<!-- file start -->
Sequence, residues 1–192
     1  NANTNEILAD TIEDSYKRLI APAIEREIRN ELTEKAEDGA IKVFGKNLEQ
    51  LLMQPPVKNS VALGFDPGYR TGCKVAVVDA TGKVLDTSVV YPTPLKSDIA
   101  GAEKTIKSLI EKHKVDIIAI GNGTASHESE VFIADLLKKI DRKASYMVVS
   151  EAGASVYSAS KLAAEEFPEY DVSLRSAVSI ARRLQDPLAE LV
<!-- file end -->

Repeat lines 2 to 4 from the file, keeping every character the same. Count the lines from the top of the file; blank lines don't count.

     1  NANTNEILAD TIEDSYKRLI APAIEREIRN ELTEKAEDGA IKVFGKNLEQ
    51  LLMQPPVKNS VALGFDPGYR TGCKVAVVDA TGKVLDTSVV YPTPLKSDIA
   101  GAEKTIKSLI EKHKVDIIAI GNGTASHESE VFIADLLKKI DRKASYMVVS